Navigation Links
Increase in RDA for vitamin C could help reduce heart disease, stroke, cancer
Date:7/16/2012

CORVALLIS, Ore. The recommended dietary allowance, or RDA, of vitamin C is less than half what it should be, scientists argue in a recent report, because medical experts insist on evaluating this natural, but critical nutrient in the same way they do pharmaceutical drugs and reach faulty conclusions as a result.

The researchers, in Critical Reviews in Food Science and Nutrition, say there's compelling evidence that the RDA of vitamin C should be raised to 200 milligrams per day for adults, up from its current levels in the United States of 75 milligrams for women and 90 for men.

Rather than just prevent the vitamin C deficiency disease of scurvy, they say, it's appropriate to seek optimum levels that will saturate cells and tissues, pose no risk, and may have significant effects on public health at almost no expense about a penny a day if taken as a dietary supplement.

"It's time to bring some common sense to this issue, look at the totality of the scientific evidence, and go beyond some clinical trials that are inherently flawed," said Balz Frei, professor and director of the Linus Pauling Institute at Oregon State University, and one of the world's leading experts on the role of vitamin C in optimum health.

"Significant numbers of people in the U.S. and around the world are deficient in vitamin C, and there's growing evidence that more of this vitamin could help prevent chronic disease," Frei said. "The way clinical researchers study micronutrients right now, with the same type of so-called 'phase three randomized placebo-controlled trials' used to test pharmaceutical drugs, almost ensures they will find no beneficial effect. We need to get past that."

Unlike testing the safety or function of a prescription drug, the researchers said, such trials are ill suited to demonstrate the disease prevention capabilities of substances that are already present in the human body and required for normal metabolism. Some benefits of micronutrients in lowering chronic disease risk also show up only after many years or even decades of optimal consumption of vitamin C a factor often not captured in shorter-term clinical studies.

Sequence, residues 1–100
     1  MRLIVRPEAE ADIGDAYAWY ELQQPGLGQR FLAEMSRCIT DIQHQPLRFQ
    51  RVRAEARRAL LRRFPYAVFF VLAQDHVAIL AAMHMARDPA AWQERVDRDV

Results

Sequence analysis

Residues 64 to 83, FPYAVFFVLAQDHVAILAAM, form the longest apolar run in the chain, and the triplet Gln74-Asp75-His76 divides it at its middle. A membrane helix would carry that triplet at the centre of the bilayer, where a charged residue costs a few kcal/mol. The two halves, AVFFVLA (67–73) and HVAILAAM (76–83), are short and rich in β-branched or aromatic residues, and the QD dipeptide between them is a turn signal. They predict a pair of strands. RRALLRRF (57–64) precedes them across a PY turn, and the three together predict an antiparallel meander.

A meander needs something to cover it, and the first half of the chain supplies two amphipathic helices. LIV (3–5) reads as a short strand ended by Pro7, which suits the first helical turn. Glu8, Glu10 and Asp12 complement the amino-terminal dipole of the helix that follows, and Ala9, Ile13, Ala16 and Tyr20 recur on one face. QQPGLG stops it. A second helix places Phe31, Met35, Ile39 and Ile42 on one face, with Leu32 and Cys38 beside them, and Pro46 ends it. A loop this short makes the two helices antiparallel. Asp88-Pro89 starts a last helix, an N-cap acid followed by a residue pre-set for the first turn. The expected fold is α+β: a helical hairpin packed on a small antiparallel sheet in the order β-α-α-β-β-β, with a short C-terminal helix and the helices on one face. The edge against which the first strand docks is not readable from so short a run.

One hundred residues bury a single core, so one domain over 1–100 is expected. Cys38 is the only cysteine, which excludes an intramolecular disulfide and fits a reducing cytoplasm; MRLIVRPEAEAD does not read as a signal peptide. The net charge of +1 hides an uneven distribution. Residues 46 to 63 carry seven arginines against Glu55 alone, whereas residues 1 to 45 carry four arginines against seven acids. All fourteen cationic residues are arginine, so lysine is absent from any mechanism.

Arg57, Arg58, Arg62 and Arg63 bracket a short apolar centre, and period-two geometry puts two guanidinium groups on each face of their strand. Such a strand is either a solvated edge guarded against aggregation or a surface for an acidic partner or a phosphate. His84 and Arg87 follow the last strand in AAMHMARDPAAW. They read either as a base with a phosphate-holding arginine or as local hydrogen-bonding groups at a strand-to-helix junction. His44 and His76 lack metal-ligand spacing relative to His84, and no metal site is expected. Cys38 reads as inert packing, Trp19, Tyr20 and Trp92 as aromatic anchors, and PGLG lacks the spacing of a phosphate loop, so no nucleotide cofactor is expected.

A wider body of metabolic, pharmacokinetic, laboratory and demographic studies suggests just the opposite, that higher levels of vitamin C could help reduce the chronic diseases that today kill most people in the developed world heart disease, stroke, cancer, and the underlying issues that lead to them, such as high blood pressure, chronic inflammation, poor immune response and atherosclerosis.

"We believe solid research shows the RDA should be increased," Frei said. "And the benefit-to-risk ratio is very high. A 200 milligram intake of vitamin C on a daily basis poses absolutely no risk, but there is strong evidence it would provide multiple, substantial health benefits."

An excellent diet with the recommended five to nine daily servings of fruits and raw or steam-cooked vegetables, together with a six-ounce glass of orange juice, could provide 200 milligrams of vitamin C a day. But most Americans and people around the world do not have an excellent diet.

Even at the current low RDAs, various studies in the U.S. and Canada have found that about a quarter to a third of people are marginally deficient in vitamin C, and up to 20 percent in some populations are severely deficient including college students, who often have less-than-perfect diets. Smokers and older adults are also at significant risk.

Even marginal deficiency can lead to malaise, fatigue, and lethargy, researchers note. Healthier levels of vitamin C can enhance immune function, reduce inflammatory conditions such as atherosclerosis, and significantly lower blood pressure.

  • A recent analysis of 29 human studies concluded that daily supplements of 500 milligrams of vitamin C significantly reduced blood pressure, both systolic and diastolic. High blood pressure is a major risk factor for heart disease and stroke, and directly attributes to an estimated 400,000 deaths annually in the U.S.